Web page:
Media Literacy Review
Center for Advanced Technology in Education - College of Education - University of Oregon - Eugene
TV Is Fun
Bill Walsh, Contributing Writer
Looking over some of these Media Watch columns, it is apparent that we seem to have neglected to discuss one very important aspect of television. Television is fun!
Amid all the critical viewing talk and media literacy analysis and trying to get you involved in making your own media messages, that simple fact has gone un-stated for far too long. Watching TV is fun. It is, after all, why we watch -- because it is enjoyable. Pleasurable. Entertaining. Fun.
Too many academics and media scholars have forgotten or ignored this simple fact, so it deserves explanation. Certainly we watch TV for a number of reasons, but the principal one often is that it is simply an enjoyable thing to do. It comes as no surprise, of course, that Westerns and sitcoms and game shows and soaps and variety shows and even cartoons molded our early TV-watching years. We did not watch then to learn, nor to critically think about anything (except perhaps whether our hero would get the girl or how Lucy would get out of this week's dilemma). We watched because it was something to do. It was often a place where we did not have to think, where we could simply sit back and enjoy.
That sense of enjoyment lingers still. Although our choices have been expanded by dozens of new channels and literally thousands of new programs, there are still times when we watch TV for the sheer enjoyment of it. Our enjoyment takes different forms, depending upon our character, mood and tastes, but it is enjoyment still.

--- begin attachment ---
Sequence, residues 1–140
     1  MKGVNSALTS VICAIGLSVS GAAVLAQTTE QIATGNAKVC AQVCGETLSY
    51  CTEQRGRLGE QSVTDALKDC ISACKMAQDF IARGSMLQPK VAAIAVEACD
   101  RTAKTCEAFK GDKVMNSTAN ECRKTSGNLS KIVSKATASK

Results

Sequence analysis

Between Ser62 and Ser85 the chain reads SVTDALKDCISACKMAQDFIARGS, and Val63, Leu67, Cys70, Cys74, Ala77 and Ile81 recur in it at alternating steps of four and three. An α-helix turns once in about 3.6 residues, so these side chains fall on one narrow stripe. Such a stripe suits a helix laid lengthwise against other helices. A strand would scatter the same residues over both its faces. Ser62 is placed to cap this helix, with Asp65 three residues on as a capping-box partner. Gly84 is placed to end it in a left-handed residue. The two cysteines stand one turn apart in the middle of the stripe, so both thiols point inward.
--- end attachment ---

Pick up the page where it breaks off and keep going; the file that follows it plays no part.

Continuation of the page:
One friend of ours watches the news -- less to see what's going on in the world than because of some adolescent crush on Connie Chung (There's no accounting for taste!). Another person we know is an afficianado of the home shopping channels. Still another likes mysteries -- Perry Mason and Murder She Wrote. Although no one we hang out with admits to watching World Federation Wrestling or Geraldo (is that redundant?), there must be some who watch those shows, too. The Three Stooges or MTV, 60 Minutes or Roseanne, the Travel Channel or Red Sox games -- we began watching TV (and in many cases continue to watch it) simply because we liked it.
And although there is a time and a place to reflect upon why we enjoy it so much , a time to analyze and understand it, there is also a time and a place to simply sit back and enjoy. It can be a welcome opportunity NOT to think, to simply enjoy a story that's well-told, to laugh at something funny or to be thrilled by a whodunit.
Understanding the media need not interfere with our enjoyment of it. Well used, our critical viewing skills can, when appropriate, be called upon to think about what we are enjoying, why we are enjoying it, and who is giving us this enjoyment (and for what reasons). But it need not detraction from that enjoyment. In fact, it can add to it.
So this week is just a belated acknowledgment that television is fun to watch. We wouldn't watch it if it weren't (well, some of us would -- bet we've always wondered about people like that!). There's nothing wrong with enjoyment. Enjoying TV and understanding it CAN exist side by side.
Sometimes it is necessary and important to analyze what and why we watch.
Sometimes it is not.
Gotta run. My favorite show is on, and I don't want to miss it!
Bill Walsh is the A/V Media Specialist at Billerica High School, Billerica, MA.